If you’re searching for social anxiety symptoms online, you are probably wanting to compare what you’re experiencing with regular stress and anxiety symptoms.
Well, you’ve come to the right place! The main thing that differentiates social anxiety symptoms from other symtoms of anxiety is that a social situation (or thought of a social situation) is the trigger.
I define ‘social situation’ as any contact between humans. So while you might not think that eye contact is a social situation, it is (and it’s a HUGE source of social anxiety!!).
So what breaks social anxiety symptoms apart from regular signs and symptoms of anxiety is this: the symptoms are triggered by actual, or threatened, human contact.
Any sort of human contact.
The following situations are quite common for triggering social anxiety:
- Joining in conversations
- Participating in team activities
- Talking to new people or people in authority
- Managing people at work
- Making friends
- Speaking in front of an audience
- Making small-talk
- Reading out loud
- Taking tests and exams
- Writing in front of people
- Eating in front of people
- Inviting people over or going out in groups (especially if there’s a new person there)
- Going to parties and events
- Playing sports
And you can feel any of these symptoms and more:
- Sudden tiredness
- Face goes red
- Mind goes blank
- Mouth goes dry
- Feeling dizzy or faint
- Can’t catch your breath
- Nausea / feeling like you might throw up
Social anxiety symptoms that I personally experienced:
Making a phone call and talking to a person on the end of the line makes you feel physically sick. Even if you somewhat know the person – the idea of introducing yourself and making an inquiry fills you with dread. You avoid making phone calls – resulting in long and tedious email exchanges that leave you open to being misinterpreted or, worse still, ignored.
The idea of going to a party plays on your mind for weeks. Initially excited about what you will wear and who you will see, your thoughts take a dark turn as you wonder if your ex-boyfriend/ex-friend/ex-boss/rude-acquaintance-that-you-don’t-really-like might be there. Suddenly, your mind throws all sorts of weird and wonderful what-ifs at you. So many things could go wrong. What if you make a fool of yourself? What if you arrive on time and you’re the only person there, forced to make small talk with someone you barely know? What if you get there late and everyone you know has already gone home? What if everyone has been talking about you before you get there? What if, what if, what if?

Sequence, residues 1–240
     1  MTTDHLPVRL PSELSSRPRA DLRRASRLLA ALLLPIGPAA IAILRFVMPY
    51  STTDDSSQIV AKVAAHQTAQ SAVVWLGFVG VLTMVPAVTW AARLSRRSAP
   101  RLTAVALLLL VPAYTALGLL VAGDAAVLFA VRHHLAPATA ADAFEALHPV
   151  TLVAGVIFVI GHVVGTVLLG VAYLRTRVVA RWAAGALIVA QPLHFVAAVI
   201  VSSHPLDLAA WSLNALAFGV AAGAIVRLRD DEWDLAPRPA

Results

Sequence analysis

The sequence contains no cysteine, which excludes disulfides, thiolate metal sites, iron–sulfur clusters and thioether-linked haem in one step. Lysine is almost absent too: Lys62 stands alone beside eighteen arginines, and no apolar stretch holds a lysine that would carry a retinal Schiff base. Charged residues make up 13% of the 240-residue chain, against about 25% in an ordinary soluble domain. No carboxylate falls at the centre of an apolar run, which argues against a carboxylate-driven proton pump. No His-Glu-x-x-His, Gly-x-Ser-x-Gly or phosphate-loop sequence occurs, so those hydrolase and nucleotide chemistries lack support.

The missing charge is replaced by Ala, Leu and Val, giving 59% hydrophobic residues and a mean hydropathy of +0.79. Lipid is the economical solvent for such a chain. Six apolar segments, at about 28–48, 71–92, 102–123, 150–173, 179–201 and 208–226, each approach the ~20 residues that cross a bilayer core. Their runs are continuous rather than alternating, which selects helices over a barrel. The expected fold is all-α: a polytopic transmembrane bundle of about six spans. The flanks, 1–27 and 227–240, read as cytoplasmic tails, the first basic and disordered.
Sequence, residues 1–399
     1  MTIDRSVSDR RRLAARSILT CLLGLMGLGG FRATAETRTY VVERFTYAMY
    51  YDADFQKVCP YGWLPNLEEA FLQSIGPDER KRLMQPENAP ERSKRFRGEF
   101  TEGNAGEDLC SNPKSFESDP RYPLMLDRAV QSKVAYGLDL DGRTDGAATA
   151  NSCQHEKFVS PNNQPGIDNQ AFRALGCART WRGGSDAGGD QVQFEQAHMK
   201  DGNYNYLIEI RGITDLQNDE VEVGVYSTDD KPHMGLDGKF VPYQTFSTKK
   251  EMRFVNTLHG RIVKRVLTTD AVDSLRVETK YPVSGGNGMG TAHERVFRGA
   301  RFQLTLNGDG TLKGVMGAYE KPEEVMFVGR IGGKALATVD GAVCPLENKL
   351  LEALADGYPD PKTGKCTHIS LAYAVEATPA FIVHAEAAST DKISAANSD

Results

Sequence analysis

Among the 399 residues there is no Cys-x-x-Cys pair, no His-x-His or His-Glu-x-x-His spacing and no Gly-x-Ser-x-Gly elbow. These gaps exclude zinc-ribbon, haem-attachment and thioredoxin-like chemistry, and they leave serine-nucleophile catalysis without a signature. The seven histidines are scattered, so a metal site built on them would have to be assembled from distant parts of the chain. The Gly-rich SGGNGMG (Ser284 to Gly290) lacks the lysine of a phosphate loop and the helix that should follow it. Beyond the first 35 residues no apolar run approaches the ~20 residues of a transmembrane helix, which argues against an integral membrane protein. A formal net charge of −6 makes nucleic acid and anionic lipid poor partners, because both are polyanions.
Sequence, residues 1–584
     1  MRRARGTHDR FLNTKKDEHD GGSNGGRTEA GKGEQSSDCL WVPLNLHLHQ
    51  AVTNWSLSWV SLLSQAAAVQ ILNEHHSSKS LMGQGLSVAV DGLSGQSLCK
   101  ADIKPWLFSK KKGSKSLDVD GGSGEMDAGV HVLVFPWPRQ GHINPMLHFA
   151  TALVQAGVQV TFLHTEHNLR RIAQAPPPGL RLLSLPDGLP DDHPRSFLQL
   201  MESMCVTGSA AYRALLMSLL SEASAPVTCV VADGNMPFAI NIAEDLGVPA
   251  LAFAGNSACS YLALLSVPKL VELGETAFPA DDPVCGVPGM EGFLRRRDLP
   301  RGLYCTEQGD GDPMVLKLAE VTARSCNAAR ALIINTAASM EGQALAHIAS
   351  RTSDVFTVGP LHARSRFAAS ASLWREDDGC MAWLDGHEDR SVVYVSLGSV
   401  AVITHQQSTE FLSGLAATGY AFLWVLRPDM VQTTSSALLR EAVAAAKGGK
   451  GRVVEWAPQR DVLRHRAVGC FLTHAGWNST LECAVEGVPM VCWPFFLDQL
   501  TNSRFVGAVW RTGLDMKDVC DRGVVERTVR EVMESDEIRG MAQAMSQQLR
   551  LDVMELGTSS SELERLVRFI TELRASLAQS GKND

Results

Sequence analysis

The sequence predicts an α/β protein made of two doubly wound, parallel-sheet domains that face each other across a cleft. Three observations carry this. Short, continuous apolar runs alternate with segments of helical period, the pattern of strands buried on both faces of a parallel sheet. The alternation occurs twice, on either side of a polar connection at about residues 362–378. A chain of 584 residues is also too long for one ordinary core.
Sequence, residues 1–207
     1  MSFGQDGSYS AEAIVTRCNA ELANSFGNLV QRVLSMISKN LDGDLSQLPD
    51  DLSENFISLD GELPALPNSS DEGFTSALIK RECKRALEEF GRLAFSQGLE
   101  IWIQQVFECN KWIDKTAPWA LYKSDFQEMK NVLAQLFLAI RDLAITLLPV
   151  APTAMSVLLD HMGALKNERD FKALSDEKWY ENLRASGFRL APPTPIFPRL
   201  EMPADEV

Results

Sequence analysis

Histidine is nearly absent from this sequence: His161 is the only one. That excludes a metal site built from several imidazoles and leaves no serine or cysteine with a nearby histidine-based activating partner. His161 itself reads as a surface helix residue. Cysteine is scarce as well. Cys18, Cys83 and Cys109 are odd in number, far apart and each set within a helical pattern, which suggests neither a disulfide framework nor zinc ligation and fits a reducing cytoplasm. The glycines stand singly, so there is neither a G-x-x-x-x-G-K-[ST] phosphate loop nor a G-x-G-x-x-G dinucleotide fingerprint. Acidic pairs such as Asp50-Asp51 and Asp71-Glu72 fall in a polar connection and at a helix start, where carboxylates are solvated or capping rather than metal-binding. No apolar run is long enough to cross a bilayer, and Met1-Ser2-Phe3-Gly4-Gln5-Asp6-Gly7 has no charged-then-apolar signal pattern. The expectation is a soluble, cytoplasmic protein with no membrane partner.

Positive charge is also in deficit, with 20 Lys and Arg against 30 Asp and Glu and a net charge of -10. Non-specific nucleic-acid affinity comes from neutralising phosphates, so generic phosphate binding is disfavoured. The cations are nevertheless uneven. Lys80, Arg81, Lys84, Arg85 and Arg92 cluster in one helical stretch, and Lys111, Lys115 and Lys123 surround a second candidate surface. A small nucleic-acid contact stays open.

At a party, you feel everyone turn to look at you as you enter the room. You feel like a spotlight has been placed on you. Suddenly, you can hear everyone whispering, “Who is she? What on earth is she wearing?! Why is she here?”
Unexpectedly seeing familiar faces:
A vice-like fear clenches your gut when you see a familiar face out in public. Do you say hello? Will they say hello back? Will they ignore you? You end up putting your head down and looking away, leaving the other person to think you are weird, a snob, or both. This is even more embarrassing when you need to pass a colleague in the hallway. You see them every single day, why is it so hard just to look them in the eye and say hello?!
But the important thing to remember is: life doesn’t need to be like this. Life won’t always be like this. If you are ready to take back control from your social anxiety symptoms, I am here to support you.
Love + light